net, gists, aspnet, csharp comments edit

If you’ve worked with Windows Identity Foundation, you’ll find it very nearly mandates that you implement a passive security token service using classic ASP.NET web forms rather than MVC. It doesn’t lend itself well to testability, and in some cases it writes content directly to the response stream without you being able to govern when/how that happens.

All is not lost, though. Here are a couple of helpers and tips when working with Windows Identity Foundation in ASP.NET MVC to create a passive STS.

Programming Windows Identity FoundationFirst, drop what you’re doing and go buy a copy ofProgramming Windows Identity Foundation by Vittorio Bertocci. The documentation on WIF is surprisingly thin and this book is like the lost set of docs that makes everything clear. Will it directly help you specifically with ASP.NET MVC and WIF? No, but it will help you to understand what is going on with WIF so you know where you may need to insert yourself. It’ll also explain how things are supposed to work, so when you’re setting it up in MVC you can tell if things are going right or not.

Reflectoris your friend. I am not condoning that you copy/paste anything out of the WIF assemblies, but using Reflector to figure out what it’s doing is key.

For example, in WIF samples and in the WIF STS template you’ll see a call to FederatedPassiveSecurityTokenServiceOperations.ProcessSignInRequest followed closely by FederatedPassiveSecurityTokenServiceOperations.ProcessSignInResponse. The ProcessSignInResponse method takes in an HttpResponse rather than an HttpResponseBase, which removes you from the ability in your MVC controller to use the System.Web abstractions for testability. However, if you look at what ProcessSignInResponse is actually doing, it’s just taking the SignInResponseMessage that comes from ProcessSignInRequest and then it’s writing it out to the response stream. You can do the same thing yourself in your controller using the controller’s Response property and HttpResponseBase, allowing you to break that tie to the concrete System.Web classes.

Make use of model binding. In the STS template, the Default.aspx page they provide has a big if/then block that switches on query string parameter values to determine which WS-Federation action the incoming message has. Rather than that, wouldn’t it be better to have a controller action that looks like this?

// This ostensibly replaces Default.aspx in the STS template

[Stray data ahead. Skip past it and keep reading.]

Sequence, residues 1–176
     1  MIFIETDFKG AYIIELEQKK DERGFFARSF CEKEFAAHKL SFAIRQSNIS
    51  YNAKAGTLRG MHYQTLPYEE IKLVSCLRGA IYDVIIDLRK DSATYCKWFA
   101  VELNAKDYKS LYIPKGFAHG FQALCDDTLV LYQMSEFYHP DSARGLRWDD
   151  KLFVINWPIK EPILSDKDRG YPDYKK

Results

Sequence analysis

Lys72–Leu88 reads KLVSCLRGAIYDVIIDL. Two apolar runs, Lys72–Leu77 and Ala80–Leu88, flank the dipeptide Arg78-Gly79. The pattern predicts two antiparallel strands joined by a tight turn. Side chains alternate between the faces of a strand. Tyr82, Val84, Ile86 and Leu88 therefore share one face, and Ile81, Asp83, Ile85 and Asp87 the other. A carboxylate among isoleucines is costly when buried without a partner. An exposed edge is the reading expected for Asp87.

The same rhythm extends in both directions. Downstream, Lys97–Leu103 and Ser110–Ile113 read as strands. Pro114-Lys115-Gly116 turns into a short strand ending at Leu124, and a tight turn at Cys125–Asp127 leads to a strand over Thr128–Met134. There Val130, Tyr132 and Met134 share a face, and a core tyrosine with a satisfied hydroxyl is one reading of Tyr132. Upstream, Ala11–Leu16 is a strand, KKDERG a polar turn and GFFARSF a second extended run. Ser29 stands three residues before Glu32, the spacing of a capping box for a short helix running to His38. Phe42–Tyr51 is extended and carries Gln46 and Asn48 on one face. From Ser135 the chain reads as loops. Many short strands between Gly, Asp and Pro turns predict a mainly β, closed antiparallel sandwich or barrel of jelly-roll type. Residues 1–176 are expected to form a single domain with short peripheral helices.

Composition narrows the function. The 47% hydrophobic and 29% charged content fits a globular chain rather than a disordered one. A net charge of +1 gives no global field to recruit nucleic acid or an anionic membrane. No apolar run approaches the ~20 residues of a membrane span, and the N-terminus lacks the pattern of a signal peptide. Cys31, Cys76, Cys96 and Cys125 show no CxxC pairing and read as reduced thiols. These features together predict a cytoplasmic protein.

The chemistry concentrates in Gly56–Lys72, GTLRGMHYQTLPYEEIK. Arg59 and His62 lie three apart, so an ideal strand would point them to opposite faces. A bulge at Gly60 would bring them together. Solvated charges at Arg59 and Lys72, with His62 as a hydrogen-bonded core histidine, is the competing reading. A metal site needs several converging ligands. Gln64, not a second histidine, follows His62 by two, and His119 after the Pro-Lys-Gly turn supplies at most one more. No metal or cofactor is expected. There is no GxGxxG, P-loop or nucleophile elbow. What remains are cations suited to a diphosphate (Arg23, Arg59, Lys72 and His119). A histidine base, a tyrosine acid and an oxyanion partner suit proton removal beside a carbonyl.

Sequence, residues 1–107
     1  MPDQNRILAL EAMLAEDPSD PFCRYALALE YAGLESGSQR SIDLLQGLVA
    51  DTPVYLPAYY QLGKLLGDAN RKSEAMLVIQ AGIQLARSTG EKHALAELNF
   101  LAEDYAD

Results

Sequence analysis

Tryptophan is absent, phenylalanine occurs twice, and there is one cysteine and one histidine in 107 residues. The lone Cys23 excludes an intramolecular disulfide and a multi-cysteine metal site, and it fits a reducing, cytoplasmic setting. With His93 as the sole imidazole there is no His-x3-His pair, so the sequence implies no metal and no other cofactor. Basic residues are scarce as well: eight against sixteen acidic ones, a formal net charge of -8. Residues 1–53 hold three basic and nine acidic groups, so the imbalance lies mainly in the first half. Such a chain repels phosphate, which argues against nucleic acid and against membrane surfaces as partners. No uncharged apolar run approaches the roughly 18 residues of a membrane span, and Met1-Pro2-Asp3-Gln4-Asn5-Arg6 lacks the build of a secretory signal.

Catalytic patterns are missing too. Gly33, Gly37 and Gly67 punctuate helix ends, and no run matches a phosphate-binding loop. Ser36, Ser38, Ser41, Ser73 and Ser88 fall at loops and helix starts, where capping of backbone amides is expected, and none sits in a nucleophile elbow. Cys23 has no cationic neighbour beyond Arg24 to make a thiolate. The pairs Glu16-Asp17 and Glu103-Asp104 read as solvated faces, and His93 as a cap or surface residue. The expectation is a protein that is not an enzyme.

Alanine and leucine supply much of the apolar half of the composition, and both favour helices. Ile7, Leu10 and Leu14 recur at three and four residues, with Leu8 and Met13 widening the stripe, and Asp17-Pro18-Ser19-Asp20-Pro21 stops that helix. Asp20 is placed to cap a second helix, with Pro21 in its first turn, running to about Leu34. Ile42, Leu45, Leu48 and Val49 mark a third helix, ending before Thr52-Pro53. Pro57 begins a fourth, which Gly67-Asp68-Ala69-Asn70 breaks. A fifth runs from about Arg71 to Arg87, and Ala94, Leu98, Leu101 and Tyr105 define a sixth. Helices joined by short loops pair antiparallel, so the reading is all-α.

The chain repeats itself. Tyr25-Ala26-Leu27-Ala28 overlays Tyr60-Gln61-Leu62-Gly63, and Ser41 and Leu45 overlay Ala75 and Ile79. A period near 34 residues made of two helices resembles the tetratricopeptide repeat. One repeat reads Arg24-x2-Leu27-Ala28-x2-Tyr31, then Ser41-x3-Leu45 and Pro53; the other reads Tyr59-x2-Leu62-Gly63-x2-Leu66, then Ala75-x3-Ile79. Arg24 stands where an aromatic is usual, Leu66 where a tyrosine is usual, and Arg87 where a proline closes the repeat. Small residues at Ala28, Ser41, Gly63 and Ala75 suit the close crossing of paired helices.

public class DefaultController : Controller
{
  public ActionResult Index(WSFederationMessage message)
  {
    if(message.Action == WSFederationConstants.Actions.SignIn)
    {
      // Do your signin processing
    }
    // ...and so on; alternatively you could switch on message.Action.
  }
}

That, of course, assumes you have a model binder that will look at the incoming query string and parse a WSFederationMessage out of it. That’s not too hard to do, and we can pretty easily add support for the derived WSFederationMessage types to it, too, like SignInRequestMessage.

using System;
using System.Web.Mvc;
using Microsoft.IdentityModel.Protocols.WSFederation;

namespace MyNamespace.ModelBinders
{
  public class WSFederationMessageBinder : IModelBinder
  {
    public object BindModel(ControllerContext controllerContext, ModelBindingContext bindingContext)
    {
      if (controllerContext == null)
      {
        throw new ArgumentNullException("controllerContext");
      }
      if (bindingContext == null)
      {
        throw new ArgumentNullException("bindingContext");
      }

      try
      {
        var message = WSFederationMessage.CreateFromUri(controllerContext.HttpContext.Request.Url);
        if (!bindingContext.ModelType.IsAssignableFrom(message.GetType()))
        {
          throw new WSFederationMessageException();
        }
        return message;
      }
      catch (WSFederationMessageException ex)
      {
        bindingContext.ModelState.AddModelError("", ex);
        return null;
      }
    }
  }
}

You can then register that model binder for the various WS-Federation message types at app startup:

var binder = new WSFederationMessageBinder();
ModelBinders.Binders[typeof(WSFederationMessage)] = binder;
ModelBinders.Binders[typeof(AttributeRequestMessage)] = binder;
ModelBinders.Binders[typeof(PseudonymRequestMessage)] = binder;
ModelBinders.Binders[typeof(SignInRequestMessage)] = binder;
ModelBinders.Binders[typeof(SignOutRequestMessage)] = binder;
ModelBinders.Binders[typeof(SignOutCleanupRequestMessage)] = binder;

Now you can actually do the controller action the way you’d like, with a strongly-typed WSFederationMessage parameter and it will work.

Of course, if you look at the Default.aspx in the WIF STS template, it throws an UnauthorizedAccessException if a WS-Federation message comes in and isn’t a sign-in or sign-out request. You can do the same thing declaratively in MVC using an authorization filter. That would change your controller action to look more like this:

[RequireWSFederationMessage(AllowedActions = WSFederationMessageActions.SignIn | WSFederationMessageActions.SignOut)]
public ActionResult Index(WSFederationMessage message)
{
  // ...handle the message...
}

Something like that, where you could allow specific message actions to pass through, otherwise the user is seen as “unauthorized.”

Create a filter attribute for ensuring only proper message types are allowed through. First you’ll need that WSFederationMessageActions enumeration so you can specify what’s allowed and what’s not.

using System;

namespace MyNamespace.Filters
{
  [Flags]
  public enum WSFederationMessageActions
  {
    All = WSFederationMessageActions.Attribute | WSFederationMessageActions.Pseudonym | WSFederationMessageActions.SignIn | WSFederationMessageActions.SignOut | WSFederationMessageActions.SignOutCleanup,
    Attribute = 1,
    SignIn = 4,